The transition to 5G demands rigorous organizational preparation. This involves comprehensive training of personnel, strict and consistent testing of products and systems, and continual process improvement. Automation and sophisticated tools, like those offered by Novapex, are essential to maintain a high level of preparedness. These measures not only strengthens defenses but also enhance the ability to respond swiftly and effectively to any incursion.

End-to-end 5G network visibility: Critical for cybersecurity readiness

As mentioned before, with more users, devices, systems, and access points, the potential for exposure increases exponentially with 5G. Security visibility throughout an entire network is extremely important. It ensures that threats are detected early and can be contained before they spread and cause devastating impacts on users. Tools that provide real-time monitoring and alerts are invaluable assets in an organization’s security arsenal.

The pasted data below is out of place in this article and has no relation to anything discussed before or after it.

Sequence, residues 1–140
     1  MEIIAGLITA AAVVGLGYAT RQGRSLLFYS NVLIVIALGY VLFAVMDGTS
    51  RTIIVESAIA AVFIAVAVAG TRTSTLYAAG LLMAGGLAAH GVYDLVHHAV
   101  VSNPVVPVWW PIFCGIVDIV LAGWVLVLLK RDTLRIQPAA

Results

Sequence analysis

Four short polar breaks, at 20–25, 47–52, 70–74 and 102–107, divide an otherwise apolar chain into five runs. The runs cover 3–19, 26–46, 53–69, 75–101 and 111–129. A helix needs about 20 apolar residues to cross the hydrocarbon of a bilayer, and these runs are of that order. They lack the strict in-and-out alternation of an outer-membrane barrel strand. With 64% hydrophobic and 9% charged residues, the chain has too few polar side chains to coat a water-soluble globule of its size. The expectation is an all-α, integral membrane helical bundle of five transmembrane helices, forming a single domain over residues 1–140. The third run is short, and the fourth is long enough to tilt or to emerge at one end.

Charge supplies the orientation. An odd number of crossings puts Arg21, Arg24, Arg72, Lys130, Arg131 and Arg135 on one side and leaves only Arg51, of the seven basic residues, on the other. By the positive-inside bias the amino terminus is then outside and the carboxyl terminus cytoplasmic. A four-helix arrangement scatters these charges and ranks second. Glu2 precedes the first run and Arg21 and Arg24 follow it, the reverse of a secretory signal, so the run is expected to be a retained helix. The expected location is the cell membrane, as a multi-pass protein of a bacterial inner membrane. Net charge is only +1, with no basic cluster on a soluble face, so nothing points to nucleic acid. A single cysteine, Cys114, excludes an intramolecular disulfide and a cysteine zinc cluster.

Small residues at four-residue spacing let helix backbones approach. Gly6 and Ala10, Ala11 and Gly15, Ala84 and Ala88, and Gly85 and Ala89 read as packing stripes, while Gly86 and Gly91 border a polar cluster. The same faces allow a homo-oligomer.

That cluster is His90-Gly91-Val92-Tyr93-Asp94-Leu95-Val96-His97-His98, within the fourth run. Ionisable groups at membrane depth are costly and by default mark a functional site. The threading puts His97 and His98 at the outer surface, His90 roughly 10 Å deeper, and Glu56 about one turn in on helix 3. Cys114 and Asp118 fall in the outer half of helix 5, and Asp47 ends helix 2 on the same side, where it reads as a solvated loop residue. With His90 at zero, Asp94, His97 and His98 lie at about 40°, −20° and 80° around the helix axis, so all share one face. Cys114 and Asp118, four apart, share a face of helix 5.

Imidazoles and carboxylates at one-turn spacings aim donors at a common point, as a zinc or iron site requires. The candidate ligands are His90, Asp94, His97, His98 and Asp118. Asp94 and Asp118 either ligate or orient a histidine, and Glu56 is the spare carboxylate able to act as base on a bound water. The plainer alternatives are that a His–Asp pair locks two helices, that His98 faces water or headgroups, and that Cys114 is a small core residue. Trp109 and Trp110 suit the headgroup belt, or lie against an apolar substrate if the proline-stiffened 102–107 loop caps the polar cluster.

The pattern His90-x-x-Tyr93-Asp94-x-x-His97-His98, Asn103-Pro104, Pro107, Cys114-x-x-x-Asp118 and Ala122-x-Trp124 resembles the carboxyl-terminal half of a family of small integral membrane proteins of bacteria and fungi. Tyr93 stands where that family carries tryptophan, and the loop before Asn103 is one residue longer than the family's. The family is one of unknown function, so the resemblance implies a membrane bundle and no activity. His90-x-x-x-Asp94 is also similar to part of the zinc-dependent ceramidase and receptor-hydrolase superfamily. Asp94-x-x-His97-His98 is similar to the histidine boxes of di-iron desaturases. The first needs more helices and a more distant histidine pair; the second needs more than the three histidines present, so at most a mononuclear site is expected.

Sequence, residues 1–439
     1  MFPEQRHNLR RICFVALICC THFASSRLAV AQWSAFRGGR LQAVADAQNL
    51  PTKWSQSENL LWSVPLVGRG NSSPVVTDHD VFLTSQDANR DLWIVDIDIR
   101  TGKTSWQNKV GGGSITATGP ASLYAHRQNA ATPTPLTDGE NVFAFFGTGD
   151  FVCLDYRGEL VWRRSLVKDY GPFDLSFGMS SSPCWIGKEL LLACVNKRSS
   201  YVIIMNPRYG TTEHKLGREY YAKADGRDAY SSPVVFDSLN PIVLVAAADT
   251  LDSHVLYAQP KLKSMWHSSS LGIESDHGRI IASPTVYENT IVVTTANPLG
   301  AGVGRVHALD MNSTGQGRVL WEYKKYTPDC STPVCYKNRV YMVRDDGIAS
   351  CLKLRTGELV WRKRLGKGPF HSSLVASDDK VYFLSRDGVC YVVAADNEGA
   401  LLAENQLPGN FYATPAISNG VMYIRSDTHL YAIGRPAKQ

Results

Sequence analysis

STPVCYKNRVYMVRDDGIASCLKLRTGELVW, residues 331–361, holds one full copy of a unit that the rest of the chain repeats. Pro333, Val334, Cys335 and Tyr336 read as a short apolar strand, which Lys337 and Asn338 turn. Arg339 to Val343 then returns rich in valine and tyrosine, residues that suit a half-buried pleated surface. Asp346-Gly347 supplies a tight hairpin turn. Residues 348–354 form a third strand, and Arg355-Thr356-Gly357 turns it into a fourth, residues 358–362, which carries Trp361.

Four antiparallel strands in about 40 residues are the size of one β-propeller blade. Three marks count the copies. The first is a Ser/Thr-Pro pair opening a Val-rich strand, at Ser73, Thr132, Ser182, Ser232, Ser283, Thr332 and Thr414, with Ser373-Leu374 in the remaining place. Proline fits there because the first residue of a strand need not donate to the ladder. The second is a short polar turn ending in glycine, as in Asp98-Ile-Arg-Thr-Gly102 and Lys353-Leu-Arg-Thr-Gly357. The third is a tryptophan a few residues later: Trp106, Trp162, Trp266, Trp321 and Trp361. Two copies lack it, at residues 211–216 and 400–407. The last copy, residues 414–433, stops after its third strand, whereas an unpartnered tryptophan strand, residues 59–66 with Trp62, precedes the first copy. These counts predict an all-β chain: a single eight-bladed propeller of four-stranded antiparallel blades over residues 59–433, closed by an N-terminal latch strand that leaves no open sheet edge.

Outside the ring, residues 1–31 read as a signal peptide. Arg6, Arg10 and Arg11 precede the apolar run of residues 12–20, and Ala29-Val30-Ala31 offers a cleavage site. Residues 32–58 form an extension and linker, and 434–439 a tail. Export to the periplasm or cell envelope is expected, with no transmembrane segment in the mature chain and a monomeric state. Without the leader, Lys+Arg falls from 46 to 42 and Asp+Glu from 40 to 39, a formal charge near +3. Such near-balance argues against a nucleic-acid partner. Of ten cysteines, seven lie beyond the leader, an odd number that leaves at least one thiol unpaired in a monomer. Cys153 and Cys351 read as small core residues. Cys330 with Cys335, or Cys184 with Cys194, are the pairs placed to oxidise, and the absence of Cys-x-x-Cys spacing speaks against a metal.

As service providers and network operators strive to offer pervasive, zero-lag, and reliable connectivity, the spectre of rapidly spreading vulnerabilities looms large. Virtualized networks, open APIs, connected devices, mandatory interoperability, and the massive use of Linux create a fertile ground for cybercriminals. In the industrial sector and national security, espionage and cyberwarfare are real threats that can have devastating consequences around the globe.

One alarming statistic: the majority of current 5G network operators experienced up to 6 cyber incidents, namely ransomware and phishing attacks, in 2022 alone. In 2023, attacks included IoT bots, malware attacks, and DDoS attacks generated by botnets

Addressing the many facets of 5G network security requires a knowledgeable and experienced partner. Novapex is strategically positioned at the forefront of 5G cybersecurity solutions and equipment. We offer proven expertise that can help secure your 5G network against the multifaceted threats of the digital age. Contact Novapex to explore how we can develop and deploy the right cybersecurity approach for your business—and ensure that you are not left vulnerable as networks speed up.